Gaza is recovering from Israel's latest assault, which ended in a cease-fire earlier this month. In the UK, the British Broadcasting Corporation has let down its worldwide viewership by refusing to broadcast this charity appeal to help Palestinian victims of the violence:
The appeal was produced by the Disaster Emergency Committee (DEC), a consortium of charities including the Red Cross, Oxfam and Save the Children. What is so inflammatory about this humanitarian plea, which doesn't blame Israel or any other party for the plight of Gaza?
Why did the BBC hide behind a statement that "the debate about who is responsible for causing (suffering and distress in Gaza) and what should be done about it...is contentious?"
Demonstrators march to BBC Headquarters in London
In years past, the BBC regularly aired similar charity appeals:
The BBC broadcast DEC appeals after the 1999 Kosovo war and 1990 Gulf conflict. In 1968 it broadcast an appeal for victims of the Vietnam war. Over the last two years it has broadcast appeals for aid for crises in Burma, Bangladesh, Sudan, Chad and the Congo. Neither has it previously shunned humanitarian appeals in the Middle East. The second DEC appeal ever to be broadcast on the BBC, in June 1967, was a film seeking help for Palestinian and Syrian refugees displaced by the Six Day War. In 1982, the BBC helped raise £1m by broadcasting a DEC appeal for victims of Israel's invasion of Lebanon.
But now, things have changed. Blame is being laid at the feet of the BBC's Director General, Mark Thompson.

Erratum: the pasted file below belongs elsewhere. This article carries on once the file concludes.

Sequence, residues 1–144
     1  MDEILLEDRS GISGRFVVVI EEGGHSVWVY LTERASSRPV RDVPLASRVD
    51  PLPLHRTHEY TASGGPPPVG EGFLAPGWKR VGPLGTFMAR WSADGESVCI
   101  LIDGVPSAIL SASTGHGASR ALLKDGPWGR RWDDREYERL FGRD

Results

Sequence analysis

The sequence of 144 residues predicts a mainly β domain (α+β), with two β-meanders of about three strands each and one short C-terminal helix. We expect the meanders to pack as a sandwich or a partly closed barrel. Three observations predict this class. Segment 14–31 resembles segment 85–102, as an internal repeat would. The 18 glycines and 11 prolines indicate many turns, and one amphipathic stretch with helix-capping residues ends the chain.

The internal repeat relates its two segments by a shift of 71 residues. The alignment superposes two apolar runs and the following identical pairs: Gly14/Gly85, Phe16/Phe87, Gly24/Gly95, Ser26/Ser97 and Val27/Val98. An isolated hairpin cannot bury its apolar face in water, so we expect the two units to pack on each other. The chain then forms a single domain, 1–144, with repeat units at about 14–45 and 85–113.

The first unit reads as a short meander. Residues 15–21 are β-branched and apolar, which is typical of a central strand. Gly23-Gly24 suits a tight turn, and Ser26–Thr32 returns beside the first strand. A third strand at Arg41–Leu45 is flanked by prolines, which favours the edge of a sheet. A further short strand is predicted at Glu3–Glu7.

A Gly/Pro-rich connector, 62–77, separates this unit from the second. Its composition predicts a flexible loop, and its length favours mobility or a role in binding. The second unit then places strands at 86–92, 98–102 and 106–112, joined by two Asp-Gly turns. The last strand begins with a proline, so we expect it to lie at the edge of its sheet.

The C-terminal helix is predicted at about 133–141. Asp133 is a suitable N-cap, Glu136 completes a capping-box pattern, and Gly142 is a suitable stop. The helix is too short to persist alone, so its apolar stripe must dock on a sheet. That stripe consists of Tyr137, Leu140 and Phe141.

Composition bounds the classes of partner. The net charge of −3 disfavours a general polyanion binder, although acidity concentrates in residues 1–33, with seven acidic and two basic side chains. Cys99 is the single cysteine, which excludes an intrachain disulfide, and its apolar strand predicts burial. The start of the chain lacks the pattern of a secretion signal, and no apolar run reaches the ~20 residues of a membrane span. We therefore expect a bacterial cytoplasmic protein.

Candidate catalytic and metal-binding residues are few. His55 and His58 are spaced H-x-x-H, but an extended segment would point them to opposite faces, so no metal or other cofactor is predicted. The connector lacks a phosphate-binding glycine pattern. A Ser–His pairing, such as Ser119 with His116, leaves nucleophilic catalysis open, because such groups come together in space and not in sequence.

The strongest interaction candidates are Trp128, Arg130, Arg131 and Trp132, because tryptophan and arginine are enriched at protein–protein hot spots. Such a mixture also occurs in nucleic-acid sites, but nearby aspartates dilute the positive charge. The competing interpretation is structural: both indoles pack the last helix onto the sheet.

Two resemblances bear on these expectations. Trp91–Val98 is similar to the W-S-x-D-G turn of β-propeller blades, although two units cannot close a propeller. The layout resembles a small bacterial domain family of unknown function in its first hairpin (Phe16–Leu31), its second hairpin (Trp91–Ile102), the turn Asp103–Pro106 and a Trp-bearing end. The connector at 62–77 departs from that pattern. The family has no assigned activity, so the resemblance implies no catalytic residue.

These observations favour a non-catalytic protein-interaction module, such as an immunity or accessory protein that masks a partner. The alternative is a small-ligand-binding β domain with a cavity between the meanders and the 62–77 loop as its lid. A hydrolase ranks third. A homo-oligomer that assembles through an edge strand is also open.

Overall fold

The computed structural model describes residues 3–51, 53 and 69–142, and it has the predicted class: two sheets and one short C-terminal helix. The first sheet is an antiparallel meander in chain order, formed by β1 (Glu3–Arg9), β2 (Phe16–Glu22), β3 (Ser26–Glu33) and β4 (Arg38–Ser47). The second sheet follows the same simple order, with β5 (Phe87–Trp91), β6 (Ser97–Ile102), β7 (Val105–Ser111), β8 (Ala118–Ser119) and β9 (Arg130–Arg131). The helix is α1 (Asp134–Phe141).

Since his arrival at the BBC in 2004, according to senior sources within DEC charities, the BBC has grown cautious and worried about compromising its impartiality. In 2006, the BBC similarly rejected a DEC appeal for victims of Israel's month-long war against Hezbollah fighters in Lebanon.
This episode is revealing interesting things about the factors that guide the BBC's coverage of the endless Israeli-Palestinian conflict, coverage which helps shape worldwide opinion. These include a set of reporting rules that BBC journalists must follow in their dispatches:
"The 24 words and phrases from the reporting rules the BBC has agreed to make public appear innocuous enough, but even here some might discern a sense of paranoia. Journalists are instructed to avoid using 'assassination' in favour of 'killing' and in discussing Gaza, the word "occupation" is to be avoided in favour of 'permanent military presence'."
Palestinian children in Gaza
Ironically, the resulting controversy over the BBC's censorship has resulted in a doubling of donations to the DEC's emergency fund for Gaza, with over one million pounds raised since the appeal was aired by other UK broadcasters on Monday night. Shame on Mark Thompson, and shame on the BBC. It's a sad day if this once-venerable news organization can't be counted on to honestly and accurately inform the public.
Erik Ose is a veteran of Democratic campaigns in North Carolina and blogs at The Latest Outrage.